It’s the analogy of a young happy couple moving into their first home. They decorate it. They like to fill it with those things that best represent their tastes, likes and overall loveliness. Sometimes they might add an extension, put in new windows, or knock down a few walls. One day the couple moves on to another house and a younger couple moves in. The fashions wrought are soon changed—but the structure of the house generally stays the same.
Every generation makes some claim to having changed the world. There may be some truth in it. Still however the furnishings may change, overall human nature usually remains stubbornly the same. Similar loves, hates, fears and worries never too far beneath the skin—or that fresh new coat of paint.
Folk singer Pete Seeger once claimed music could unify people and bring them all together as one big happy family—eliminating differences and highlighting shared pleasures. There was a similar belief held out for drugs in the 1960s when Harvard professor Dr. Timothy Leary urged everyone to “Turn on, tune in, drop out.” Poet Allen Ginsberg thought if every politician dropped acid then world peace would result.
But can the hedonistic pleasures of drugs and music ever really change the world?
In the 1960s, Baby Boomers claimed they had revolutionized the world—made it better, more peaceful, freer. Weed, LSD, birth control and music had liberated everyone. Yet this belief is often founding wanting by the wars, oppression, racism, sexism, corporate greed, and some truly awful music produced during that decade and ever since. Pop music may have been widely available but LSD was only there for a certain elite—if you lived outside of a metropolitan area, your drug of choice then was probably alcohol or aspirin.
Similarly in the 1980s the raved up Ecstasy Generation claimed they had revolutionized the world with their raves and pills. But was it true? Did gurning and dancing and getting sorted for E’s and wizz really change society that much? Access to drugs was far easier, sure a byproduct of the Baby Boomers in the sixties looking for new experiences. The illicit production of ecstasy was enormous, which meant more people could sample the goods. By the mid-1990s, the Observer newspaper estimated that some 52 million ecstasy tablets were taken every weekend in the UK alone. And this in a nation of 63 million people!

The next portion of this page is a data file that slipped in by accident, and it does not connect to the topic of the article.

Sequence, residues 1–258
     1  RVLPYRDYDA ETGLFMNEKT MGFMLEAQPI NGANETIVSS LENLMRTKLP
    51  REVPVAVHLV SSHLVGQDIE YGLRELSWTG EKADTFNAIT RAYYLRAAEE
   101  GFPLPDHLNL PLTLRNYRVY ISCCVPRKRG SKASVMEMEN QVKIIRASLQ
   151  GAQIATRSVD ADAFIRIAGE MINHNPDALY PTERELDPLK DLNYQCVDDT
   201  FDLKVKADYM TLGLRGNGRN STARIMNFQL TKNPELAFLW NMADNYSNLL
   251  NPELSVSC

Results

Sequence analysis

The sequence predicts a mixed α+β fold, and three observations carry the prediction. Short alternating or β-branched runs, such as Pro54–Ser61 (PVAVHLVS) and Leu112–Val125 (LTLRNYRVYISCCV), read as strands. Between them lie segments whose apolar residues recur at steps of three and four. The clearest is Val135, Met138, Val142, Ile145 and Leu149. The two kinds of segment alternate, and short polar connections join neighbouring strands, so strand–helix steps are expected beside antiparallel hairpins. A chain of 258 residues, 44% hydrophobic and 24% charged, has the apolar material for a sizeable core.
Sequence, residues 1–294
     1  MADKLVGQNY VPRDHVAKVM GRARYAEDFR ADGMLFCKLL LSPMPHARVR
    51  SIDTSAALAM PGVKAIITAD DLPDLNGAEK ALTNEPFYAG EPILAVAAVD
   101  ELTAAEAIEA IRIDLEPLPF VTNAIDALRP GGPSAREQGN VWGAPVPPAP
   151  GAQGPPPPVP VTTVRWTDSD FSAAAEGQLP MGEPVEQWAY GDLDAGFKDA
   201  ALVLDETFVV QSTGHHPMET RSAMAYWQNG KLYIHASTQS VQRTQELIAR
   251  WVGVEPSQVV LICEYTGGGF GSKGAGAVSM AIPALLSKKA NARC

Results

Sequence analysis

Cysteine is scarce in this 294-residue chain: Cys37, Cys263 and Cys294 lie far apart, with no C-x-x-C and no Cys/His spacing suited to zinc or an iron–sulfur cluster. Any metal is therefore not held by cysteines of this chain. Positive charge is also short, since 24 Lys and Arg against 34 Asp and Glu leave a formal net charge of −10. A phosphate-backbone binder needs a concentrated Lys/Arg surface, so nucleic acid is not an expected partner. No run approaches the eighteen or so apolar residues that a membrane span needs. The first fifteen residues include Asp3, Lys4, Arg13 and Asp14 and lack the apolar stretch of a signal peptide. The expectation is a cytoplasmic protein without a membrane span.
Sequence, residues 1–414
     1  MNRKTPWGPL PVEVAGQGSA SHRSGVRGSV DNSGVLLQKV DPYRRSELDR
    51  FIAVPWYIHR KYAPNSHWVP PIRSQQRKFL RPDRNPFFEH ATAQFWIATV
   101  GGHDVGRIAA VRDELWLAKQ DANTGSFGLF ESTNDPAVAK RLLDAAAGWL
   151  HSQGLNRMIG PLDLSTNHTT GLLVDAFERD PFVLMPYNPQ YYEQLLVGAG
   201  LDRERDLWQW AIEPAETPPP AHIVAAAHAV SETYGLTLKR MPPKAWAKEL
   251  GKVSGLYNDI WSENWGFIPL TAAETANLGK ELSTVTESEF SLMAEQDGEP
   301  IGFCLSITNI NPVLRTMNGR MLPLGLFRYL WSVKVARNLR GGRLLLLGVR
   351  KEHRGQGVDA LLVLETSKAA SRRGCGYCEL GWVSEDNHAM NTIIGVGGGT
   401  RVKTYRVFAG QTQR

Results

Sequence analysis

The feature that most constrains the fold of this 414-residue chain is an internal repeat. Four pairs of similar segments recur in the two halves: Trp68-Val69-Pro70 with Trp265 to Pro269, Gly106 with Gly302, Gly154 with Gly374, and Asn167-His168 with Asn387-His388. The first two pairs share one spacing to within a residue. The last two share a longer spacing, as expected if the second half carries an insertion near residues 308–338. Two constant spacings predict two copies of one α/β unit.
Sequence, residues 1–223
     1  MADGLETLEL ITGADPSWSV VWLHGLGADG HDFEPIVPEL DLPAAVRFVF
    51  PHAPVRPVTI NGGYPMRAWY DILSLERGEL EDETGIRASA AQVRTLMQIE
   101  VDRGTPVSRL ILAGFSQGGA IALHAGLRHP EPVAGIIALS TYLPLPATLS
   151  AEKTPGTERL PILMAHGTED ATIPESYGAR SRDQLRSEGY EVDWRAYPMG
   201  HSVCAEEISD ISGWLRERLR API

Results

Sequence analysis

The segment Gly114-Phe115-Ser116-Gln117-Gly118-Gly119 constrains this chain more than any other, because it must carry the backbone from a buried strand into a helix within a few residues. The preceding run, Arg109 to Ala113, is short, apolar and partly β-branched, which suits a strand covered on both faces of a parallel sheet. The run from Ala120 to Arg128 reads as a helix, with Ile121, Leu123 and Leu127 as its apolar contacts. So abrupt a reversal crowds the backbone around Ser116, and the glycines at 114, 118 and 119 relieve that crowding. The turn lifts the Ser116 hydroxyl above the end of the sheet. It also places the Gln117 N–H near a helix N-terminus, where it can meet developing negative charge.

Did rave culture have a greater effect on the world than hippies in the trippy sixties? If so how and what exactly (if anything) changed?
Superstar, singer, DJ, and famous former druggie Boy George is the ideal host to investigate these questions in this fascinating documentary The Chemical Generation. The ever radiant George examines the acid house, rave and club culture revolution, with considerable reference to the generation’s favorite chemical: methylenedioxy-methamphetamine—MDMA or ecstasy for short.
First broadcast in the UK on Channel 4 in 2000, The Chemical Generation tells the story of British club and drug culture from the early days of Acid House. Interviewing those on the front line—promoters, bouncers, drug dealers, clubbers, DJs (Danny Rampling, Judge Jules, Nicky Holloway, Pete Tong, Lisa Loud, Mike Pickering), top cops (Ken Tappenden, former Divisional Commander of Kent Police) and those cultural figures who have written about ecstasy culture (Irvine Welsh, Dave Haslam).
As an introductory note, a brief history to rave culture in the UK goes something like this:
In 1987 four working class males, Paul Oakenfold, Danny Rampling, Nicky Holloway and Johnny Walker found themselves in clubs across Ibiza, listening to the music which was to make them legends in the dance scene and transform the face of youth subculture in Britain. Not only did they discover the musical genre of Acid House, played by legendary house DJ’s Alfredo Fiorillo and Jose Padilla in clubs such as Amnesia and Pacha, they were also crucially introduced to the drug MDMA, more commonly known as ecstasy. Johnny Walker describes the experience:
“It was almost like a religious experience; a combination of taking ecstasy and going to a warm, open-air club full of beautiful people - you’re on holiday, you feel great and you’re suddenly being exposed to entirely different music to what you were used to in London. This strange mixture was completely fresh and new to us, and very inspiring”
Sixteen years on, it’s possible to see how many of the claims made in this documentary were hyperbole, of the moment hedonism, or just the E talking. Whichever, it’s all a rather enjoyable and educational romp thru drug and pop culture. And Boy George is the perfect guide.